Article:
When TV stations have special video requests or if we find something that the other stations want, Barnhill has to check with his producer on the ground to make sure to stay at those scenes long enough. If, say, I am ready to move to another problem, we cannot go until Barnhill is cleared. Balancing the demands he receives with what we want for News 95.5/AM750 WSB makes both of our jobs harder, but the reward of flying is worth the pause.

All else being equal — i.e., when we do not have to wait for TV — we are a traffic helicopter. And that is more than 90% of the time. So we simply fly up and down the interstates when there aren’t any big wrecks or news stories that alter our routes. We generally do not go south of I-20, because Hartsfield-Jackson’s airspace is so wide. We have to make such a wide route to fly to McDonough or Fairburn that going that way isn’t worth the time cost, unless there is a big problem. In this past week, however, we have flown to the south side multiple times for different traffic issues.

» RELATED: Gridlock Guy: When traffic is stopped and you need to go

We try to make our decisions to maximize our time flying over interstates, in hopes that we discover something new. Finding a crash that we didn’t already know about in the WSB 24-Hour Traffic Center “pays” for the whole two-hour ride in the Skycopter. We take the airborne advantage seriously and want to leverage it to help Atlanta commuters to the greatest extent. Earlier this month, we flew over a wreck during PM drive on I-85/northbound at Jimmy Carter Blvd. It took forever to clear, and the Traffic Team had a live ground shot of it on the WSB Jam Cam. But we stayed over it to get more detail and see the impact on surrounding roads. We noticed that commuters heavily underutilized Oakbrook Pkwy. as an alternate and started telling traffic to go there. Observing small details like that or something in a wreck that might make the clean-up last longer are the added value we can still give. And that is value that automated traffic apps still do not offer. Common sense is a great human trait.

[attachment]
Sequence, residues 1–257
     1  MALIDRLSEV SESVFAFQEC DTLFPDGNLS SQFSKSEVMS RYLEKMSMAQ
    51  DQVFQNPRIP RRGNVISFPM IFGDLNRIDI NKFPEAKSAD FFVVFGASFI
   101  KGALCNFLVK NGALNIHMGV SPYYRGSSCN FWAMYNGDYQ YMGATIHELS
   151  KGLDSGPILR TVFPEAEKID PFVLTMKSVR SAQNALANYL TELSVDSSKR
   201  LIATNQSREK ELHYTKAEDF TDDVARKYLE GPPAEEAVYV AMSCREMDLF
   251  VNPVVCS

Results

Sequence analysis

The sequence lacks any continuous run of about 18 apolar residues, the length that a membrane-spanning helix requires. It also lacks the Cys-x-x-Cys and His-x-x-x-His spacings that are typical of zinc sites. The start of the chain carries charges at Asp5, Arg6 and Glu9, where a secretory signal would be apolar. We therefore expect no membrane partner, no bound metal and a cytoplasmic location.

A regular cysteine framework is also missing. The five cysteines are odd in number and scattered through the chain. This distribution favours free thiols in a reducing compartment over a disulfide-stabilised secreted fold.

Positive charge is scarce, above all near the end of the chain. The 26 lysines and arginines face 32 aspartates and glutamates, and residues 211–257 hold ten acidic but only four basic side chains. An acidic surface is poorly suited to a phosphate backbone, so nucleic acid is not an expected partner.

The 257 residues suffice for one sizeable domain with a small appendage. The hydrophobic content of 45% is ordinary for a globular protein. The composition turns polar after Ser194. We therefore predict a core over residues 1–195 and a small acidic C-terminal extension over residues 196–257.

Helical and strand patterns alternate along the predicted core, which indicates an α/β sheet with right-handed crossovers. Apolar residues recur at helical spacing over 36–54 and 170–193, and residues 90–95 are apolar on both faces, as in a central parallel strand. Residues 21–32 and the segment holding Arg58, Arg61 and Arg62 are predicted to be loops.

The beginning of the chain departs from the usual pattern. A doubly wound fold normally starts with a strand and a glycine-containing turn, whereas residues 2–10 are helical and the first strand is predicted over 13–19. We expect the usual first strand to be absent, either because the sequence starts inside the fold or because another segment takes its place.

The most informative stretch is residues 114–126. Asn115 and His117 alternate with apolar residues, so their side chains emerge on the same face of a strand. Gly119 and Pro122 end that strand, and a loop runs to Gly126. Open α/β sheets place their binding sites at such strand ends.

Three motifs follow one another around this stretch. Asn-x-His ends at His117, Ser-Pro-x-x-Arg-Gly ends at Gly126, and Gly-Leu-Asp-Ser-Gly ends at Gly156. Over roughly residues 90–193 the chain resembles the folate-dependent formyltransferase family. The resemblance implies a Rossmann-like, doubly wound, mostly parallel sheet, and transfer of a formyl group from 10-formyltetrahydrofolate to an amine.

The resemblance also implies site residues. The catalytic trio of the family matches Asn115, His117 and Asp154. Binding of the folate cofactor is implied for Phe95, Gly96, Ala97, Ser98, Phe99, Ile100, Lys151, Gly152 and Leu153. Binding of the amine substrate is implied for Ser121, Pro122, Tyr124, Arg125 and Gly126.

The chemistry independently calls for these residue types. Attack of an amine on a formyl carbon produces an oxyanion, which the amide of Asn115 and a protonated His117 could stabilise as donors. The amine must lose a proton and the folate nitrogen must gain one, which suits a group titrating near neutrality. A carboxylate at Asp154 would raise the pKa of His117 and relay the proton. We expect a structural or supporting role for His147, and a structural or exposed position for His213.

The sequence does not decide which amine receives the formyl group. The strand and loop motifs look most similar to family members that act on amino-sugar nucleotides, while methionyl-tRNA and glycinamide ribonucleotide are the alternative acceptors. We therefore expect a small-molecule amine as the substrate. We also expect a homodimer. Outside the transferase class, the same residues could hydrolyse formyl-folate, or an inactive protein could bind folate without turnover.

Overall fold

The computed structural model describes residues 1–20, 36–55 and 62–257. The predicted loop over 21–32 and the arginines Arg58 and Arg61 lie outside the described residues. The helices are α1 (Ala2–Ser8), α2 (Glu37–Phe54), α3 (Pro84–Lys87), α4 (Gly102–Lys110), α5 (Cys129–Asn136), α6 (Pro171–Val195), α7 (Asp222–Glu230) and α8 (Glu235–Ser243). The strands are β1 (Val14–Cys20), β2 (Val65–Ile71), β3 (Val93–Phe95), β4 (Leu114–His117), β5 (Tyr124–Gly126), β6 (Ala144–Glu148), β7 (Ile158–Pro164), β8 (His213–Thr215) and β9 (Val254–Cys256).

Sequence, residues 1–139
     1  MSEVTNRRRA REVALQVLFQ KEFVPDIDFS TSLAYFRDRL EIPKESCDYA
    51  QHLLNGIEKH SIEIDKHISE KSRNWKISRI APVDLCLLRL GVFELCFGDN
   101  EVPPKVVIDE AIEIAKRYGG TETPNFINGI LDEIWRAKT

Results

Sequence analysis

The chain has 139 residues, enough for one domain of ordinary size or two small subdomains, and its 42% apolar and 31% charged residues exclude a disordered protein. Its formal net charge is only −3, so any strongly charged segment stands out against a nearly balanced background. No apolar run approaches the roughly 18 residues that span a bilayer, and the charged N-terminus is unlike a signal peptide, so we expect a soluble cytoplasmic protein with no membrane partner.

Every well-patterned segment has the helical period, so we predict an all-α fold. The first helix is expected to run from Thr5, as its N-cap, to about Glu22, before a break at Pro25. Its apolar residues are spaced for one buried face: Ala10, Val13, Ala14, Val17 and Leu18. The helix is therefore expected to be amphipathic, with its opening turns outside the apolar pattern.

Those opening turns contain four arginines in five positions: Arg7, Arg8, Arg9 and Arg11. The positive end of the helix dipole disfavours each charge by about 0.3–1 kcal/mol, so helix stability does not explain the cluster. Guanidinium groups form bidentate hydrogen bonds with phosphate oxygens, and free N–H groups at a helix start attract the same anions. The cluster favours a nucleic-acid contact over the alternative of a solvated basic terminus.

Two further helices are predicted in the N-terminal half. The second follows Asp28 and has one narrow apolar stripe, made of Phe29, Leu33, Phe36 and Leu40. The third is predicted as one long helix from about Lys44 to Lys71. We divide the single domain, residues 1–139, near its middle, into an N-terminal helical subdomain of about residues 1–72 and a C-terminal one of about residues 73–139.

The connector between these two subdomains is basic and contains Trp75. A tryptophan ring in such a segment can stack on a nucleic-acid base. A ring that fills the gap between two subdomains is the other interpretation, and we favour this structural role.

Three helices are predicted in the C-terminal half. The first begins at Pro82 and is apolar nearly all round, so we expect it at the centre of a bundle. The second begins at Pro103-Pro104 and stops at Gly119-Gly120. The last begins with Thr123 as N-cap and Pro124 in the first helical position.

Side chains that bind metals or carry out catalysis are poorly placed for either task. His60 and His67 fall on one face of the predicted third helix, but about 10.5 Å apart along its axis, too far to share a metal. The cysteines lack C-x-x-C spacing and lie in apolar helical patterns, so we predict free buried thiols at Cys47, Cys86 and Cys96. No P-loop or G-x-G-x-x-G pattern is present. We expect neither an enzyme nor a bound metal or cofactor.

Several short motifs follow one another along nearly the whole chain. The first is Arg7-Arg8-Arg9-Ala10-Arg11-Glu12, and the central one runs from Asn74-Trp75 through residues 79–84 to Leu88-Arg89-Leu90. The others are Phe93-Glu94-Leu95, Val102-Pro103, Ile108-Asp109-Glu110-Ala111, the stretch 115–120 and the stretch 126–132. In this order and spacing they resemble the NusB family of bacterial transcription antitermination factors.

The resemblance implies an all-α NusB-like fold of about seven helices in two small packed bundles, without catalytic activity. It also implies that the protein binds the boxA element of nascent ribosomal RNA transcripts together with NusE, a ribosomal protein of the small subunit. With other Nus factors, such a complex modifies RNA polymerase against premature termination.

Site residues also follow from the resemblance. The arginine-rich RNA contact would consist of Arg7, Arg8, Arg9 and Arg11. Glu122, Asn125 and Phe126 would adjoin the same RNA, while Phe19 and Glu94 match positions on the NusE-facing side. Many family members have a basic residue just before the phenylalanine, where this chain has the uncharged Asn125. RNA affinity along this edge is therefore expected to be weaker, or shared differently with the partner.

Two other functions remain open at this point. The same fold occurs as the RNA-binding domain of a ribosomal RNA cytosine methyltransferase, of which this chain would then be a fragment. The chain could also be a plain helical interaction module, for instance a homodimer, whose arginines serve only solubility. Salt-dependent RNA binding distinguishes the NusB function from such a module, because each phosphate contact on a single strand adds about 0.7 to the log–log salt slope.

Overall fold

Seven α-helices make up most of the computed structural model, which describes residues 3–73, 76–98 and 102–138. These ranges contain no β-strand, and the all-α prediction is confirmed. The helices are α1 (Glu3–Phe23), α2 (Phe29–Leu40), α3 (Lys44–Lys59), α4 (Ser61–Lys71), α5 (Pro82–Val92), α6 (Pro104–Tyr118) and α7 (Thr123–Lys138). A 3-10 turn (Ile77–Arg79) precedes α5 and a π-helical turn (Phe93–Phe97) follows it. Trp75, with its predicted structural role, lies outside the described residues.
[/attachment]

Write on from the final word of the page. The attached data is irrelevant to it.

With technology becoming smarter and more superfluous, we tailor our flight paths differently. If we know that the Traffic Team has a good feel on a wreck without us flying over it, we don’t waste the fuel going there. We try to maximize our advantage. News helicopters generally fly a la carte to stories, whereas the WSB Skycopter flies for a couple of hours each morning and afternoon drive. Some days are very humdrum, but others see major problems. In a city with traffic jams like ours, WSB knows the importance of staying airborne in the Skycopter.

In this time of automation, we have seen news organizations wave white flags for traffic reporting. They outsource it to bigger companies that assign one reporter to five stations and who just read crashes. We cover multiple stations in the WSB Traffic Center, but they are all local and we do it with the best tools and the most expertise in the city. We know your ride is important and we want the information you need to come at you constantly on radio, TV, online, on social media, and on the Triple Team Traffic Alerts App. The WSB Traffic Team is still on offense against Atlanta gridlock, and the WSB Skycopter is a huge weapon.